At six o’clock yesterday morning, Mary Hansen, who’s 2 and a half, was up and raring to go to the .
More than an hour and a half before the library opened, the parking lot filled with vehicles, among them a Reading fire truck, police cruiser, Public Works wood chipper, snow plow, sidewalk plow, Light Department line truck and a brand-new JRM Hauling garbage truck. And LL Bean’s super-extra-large traveling boot.
“When kids hear ‘Vehicle Day,’ they’re up at the crack of dawn, Mary’s dad, Jeff, told Patch.
The library has held the event for 14 years, according to children’s librarian Rachel Baumgartner, who's coordinated it since it began here, based on an event at the Middleton library. Town departments have always brought their vehicles, according to Baumgartner. Once the guys saw how excited the kids got, she said, they started to bring even more. Now vehicles such as the bootmobile and several antique vehicles owned by DPW employees come, too.
The Johnson boys – Nate, 7; Brayden, 6 and Luke, 4 – love Vehicle Day, their mom, Karen, told Patch as the boys examined the street sweeper up close.
“That’s why we’re up at 7:30,” she said, on a summer weekday morning.
Vehicle day is “a family favorite” for the Grants – Quinn, 6; Cole, 4 and Declan, 2 – according to their mother, Kate, as the boys checked out the sidewalk snow plow. They’ve come every year, she said, since they moved to Reading in 2009.
Dylan Goodwin, 2, took his turn in the garbage truck driver’s seat, with some help from his mother, Melanie.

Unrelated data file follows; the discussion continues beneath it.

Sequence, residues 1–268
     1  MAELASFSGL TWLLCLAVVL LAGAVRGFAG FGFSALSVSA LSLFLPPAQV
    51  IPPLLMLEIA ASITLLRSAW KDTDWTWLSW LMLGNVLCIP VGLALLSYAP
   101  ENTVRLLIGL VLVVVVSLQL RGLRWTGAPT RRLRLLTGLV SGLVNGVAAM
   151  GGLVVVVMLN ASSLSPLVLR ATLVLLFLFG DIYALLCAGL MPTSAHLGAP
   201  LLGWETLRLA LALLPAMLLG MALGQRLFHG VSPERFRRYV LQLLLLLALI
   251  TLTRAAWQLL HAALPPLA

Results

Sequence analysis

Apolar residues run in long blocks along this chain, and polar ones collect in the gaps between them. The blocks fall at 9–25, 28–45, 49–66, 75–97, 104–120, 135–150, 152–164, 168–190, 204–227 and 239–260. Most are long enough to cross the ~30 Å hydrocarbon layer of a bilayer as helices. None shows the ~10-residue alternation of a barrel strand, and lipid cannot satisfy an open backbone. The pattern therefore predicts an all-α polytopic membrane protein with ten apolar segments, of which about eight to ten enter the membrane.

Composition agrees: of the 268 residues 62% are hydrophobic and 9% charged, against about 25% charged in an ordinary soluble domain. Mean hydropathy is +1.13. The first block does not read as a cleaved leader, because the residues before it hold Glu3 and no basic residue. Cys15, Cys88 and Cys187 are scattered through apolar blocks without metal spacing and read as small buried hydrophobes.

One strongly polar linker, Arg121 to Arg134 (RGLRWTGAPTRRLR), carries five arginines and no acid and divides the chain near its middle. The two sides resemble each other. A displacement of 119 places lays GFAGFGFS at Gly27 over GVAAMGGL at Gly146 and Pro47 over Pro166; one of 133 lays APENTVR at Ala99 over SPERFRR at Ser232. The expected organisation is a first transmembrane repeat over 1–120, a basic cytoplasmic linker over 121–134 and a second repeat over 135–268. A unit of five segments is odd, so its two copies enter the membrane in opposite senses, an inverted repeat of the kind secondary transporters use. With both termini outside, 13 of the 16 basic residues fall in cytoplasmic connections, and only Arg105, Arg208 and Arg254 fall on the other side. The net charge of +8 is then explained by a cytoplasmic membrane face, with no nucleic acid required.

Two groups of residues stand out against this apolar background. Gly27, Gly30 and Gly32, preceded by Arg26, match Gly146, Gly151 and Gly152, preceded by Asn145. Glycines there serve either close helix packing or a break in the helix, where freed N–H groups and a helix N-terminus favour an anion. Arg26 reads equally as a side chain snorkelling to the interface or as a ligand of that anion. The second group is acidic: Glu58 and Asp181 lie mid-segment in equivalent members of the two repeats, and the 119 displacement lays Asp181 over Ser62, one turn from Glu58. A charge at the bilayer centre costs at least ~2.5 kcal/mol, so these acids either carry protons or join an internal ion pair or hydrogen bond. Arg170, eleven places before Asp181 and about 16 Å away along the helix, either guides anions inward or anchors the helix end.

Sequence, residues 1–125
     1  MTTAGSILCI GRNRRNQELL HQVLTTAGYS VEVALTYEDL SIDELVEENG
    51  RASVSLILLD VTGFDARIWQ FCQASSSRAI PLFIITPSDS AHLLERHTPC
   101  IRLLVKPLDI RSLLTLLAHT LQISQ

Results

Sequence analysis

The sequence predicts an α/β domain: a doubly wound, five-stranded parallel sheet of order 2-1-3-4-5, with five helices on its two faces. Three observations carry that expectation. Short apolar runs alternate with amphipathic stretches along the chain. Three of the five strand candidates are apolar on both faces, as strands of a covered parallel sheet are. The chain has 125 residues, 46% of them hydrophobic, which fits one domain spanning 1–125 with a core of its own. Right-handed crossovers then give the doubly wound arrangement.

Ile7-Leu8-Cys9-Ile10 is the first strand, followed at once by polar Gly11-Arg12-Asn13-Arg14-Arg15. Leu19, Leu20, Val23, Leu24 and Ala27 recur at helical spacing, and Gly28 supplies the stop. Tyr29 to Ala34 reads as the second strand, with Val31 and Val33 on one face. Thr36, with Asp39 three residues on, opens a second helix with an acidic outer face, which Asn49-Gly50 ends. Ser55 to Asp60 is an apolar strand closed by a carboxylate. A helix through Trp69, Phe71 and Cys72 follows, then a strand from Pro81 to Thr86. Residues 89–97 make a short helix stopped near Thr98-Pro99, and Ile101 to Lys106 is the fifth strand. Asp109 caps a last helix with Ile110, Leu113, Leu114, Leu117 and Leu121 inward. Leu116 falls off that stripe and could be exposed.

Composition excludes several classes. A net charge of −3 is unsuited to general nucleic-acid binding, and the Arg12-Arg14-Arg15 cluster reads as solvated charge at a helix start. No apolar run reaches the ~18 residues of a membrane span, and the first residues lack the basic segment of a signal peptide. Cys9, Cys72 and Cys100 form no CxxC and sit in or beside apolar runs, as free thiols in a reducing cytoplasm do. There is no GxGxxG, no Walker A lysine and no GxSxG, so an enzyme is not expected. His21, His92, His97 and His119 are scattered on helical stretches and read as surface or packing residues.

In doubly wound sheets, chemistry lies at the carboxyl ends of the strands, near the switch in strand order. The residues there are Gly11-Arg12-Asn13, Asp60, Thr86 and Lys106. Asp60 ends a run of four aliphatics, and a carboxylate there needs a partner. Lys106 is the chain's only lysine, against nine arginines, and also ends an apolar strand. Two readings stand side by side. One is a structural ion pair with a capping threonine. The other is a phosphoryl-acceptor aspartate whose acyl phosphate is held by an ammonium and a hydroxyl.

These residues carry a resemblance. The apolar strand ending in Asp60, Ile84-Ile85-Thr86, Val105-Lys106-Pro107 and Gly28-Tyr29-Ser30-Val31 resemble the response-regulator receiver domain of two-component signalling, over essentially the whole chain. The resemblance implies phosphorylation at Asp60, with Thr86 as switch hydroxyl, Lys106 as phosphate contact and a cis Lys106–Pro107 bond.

“He loves trucks,” Melanie said.
The garbage truck was popular because, driver Jimmy Motzkin said, “(Children) see it most.”
People started to line up at 7 a.m. to see the vehicles, according to police Community Service Officer James Collins, standing next to a police cruiser that was open for inspection.
The fire truck parked in its usual space, according to Baumgartner, right in front of the library, so it could head out easily, if needed.
The LL Bean boot was built to celebrate the company’s 100th anniversary, according to the sign outside the vehicle, “to travel the country and celebrate life outdoors.” The boot, made of fiberglass, built on a Ford F-250 truck, would be a size 747, according to the sign.
Eleni Speros, 11, who came with her brothers, George, 8 and Elias, 4, thought the boot was “pretty cool.”
“I like the library and like to do their stuff,” Eleni said, explaining why she goes to Vehicle Day.
The two-hour show-and-touch traditionally ends with a parade, Baumgartner explained, of all the vehicles.
No sirens, horns or flashing lights were switched on early, out of courtesy for the library’s neighbors – until the parade.
The most popular vehicle?
“I like all of them the most,” said Tommy Joyce, 8, who’ll be a third grader at the in the fall.